How do you find the integral of (sin^(-1)x)^2?

Jan 23, 2017

$\int {\left({\sin}^{-} 1 x\right)}^{2} \mathrm{dx} = x {\left({\sin}^{-} 1 x\right)}^{2} + 2 \sqrt{1 - {x}^{2}} {\sin}^{-} 1 x - 2 x + C$

Explanation:

$I = \int {\left({\sin}^{-} 1 x\right)}^{2} \mathrm{dx}$

We will use integration by parts. This takes the form $\int u \mathrm{dv} = u v - \int v \mathrm{du}$. For the given integral $I$, let:

$\left\{\begin{matrix}u = {\left({\sin}^{-} 1 x\right)}^{2} \\ \mathrm{dv} = \mathrm{dx}\end{matrix}\right.$

Differentiating $u$ and integrating $\mathrm{dv}$ show:

$\left\{\begin{matrix}\mathrm{du} = \frac{2 {\sin}^{-} 1 x}{\sqrt{1 - {x}^{2}}} \mathrm{dx} \\ v = x\end{matrix}\right.$

Note that differentiating $u$ requires the chain rule.

Then:

$I = u v - \int v \mathrm{du} = x {\left({\sin}^{-} 1 x\right)}^{2} - \int \frac{2 x \left({\sin}^{-} 1 x\right)}{\sqrt{1 - {x}^{2}}} \mathrm{dx}$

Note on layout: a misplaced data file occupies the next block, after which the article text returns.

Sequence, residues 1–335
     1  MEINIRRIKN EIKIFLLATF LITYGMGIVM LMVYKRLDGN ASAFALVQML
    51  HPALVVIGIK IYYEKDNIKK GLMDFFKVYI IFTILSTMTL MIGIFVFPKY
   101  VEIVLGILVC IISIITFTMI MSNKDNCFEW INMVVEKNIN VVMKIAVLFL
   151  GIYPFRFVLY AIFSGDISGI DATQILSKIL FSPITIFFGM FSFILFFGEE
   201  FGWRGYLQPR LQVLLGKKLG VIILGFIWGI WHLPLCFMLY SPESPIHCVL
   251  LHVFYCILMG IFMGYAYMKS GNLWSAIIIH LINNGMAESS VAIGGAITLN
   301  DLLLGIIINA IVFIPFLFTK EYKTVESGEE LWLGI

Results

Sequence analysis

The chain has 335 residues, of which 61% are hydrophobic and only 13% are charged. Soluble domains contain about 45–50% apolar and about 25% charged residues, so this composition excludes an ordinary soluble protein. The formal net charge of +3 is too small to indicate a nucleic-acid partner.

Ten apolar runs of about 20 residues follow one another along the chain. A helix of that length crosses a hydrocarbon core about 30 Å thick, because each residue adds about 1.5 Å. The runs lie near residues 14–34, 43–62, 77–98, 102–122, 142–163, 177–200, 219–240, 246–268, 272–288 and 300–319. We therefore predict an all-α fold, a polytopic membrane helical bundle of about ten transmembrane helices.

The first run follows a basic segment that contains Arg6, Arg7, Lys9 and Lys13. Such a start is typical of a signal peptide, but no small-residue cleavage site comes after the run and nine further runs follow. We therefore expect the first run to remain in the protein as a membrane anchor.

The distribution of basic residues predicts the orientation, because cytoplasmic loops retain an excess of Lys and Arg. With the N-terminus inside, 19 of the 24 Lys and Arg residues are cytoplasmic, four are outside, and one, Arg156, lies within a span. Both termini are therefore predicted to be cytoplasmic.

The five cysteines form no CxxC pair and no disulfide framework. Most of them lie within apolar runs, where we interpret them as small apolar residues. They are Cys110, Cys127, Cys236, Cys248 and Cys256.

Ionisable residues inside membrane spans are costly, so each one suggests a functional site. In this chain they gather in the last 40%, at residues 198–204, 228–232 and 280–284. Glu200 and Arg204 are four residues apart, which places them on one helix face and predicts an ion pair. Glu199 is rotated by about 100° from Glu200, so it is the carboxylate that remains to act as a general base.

Perform integration by parts again. Note that the portion $\int \frac{2 x}{\sqrt{1 - {x}^{2}}} \mathrm{dx}$ is easily integrable with the substitution $t = 1 - {x}^{2} \implies \mathrm{dt} = - 2 x \mathrm{dx}$, so:

$\int \frac{2 x}{\sqrt{1 - {x}^{2}}} \mathrm{dx} = - \int {t}^{- \frac{1}{2}} \mathrm{dt} = - 2 \sqrt{t} = - 2 \sqrt{1 - {x}^{2}}$

Then for integration by parts let:

$\left\{\begin{matrix}u = {\sin}^{-} 1 x \text{ "=>" "du=1/sqrt(1-x^2)dx \\ dv=(2x)/sqrt(1-x^2)dx" "=>" } v = - 2 \sqrt{1 - {x}^{2}}\end{matrix}\right.$

So:

$I = x {\left({\sin}^{-} 1 x\right)}^{2} - \left(u v - \int v \mathrm{du}\right)$

$I = x {\left({\sin}^{-} 1 x\right)}^{2} - u v + \int v \mathrm{du}$

$I = x {\left({\sin}^{-} 1 x\right)}^{2} - {\sin}^{-} 1 x \left(- 2 \sqrt{1 - {x}^{2}}\right) + \int \frac{- 2 \sqrt{1 - {x}^{2}}}{\sqrt{1 - {x}^{2}}} \mathrm{dx}$

$I = x {\left({\sin}^{-} 1 x\right)}^{2} + 2 \sqrt{1 - {x}^{2}} {\sin}^{-} 1 x - 2 \int \mathrm{dx}$

$I = x {\left({\sin}^{-} 1 x\right)}^{2} + 2 \sqrt{1 - {x}^{2}} {\sin}^{-} 1 x - 2 x + C$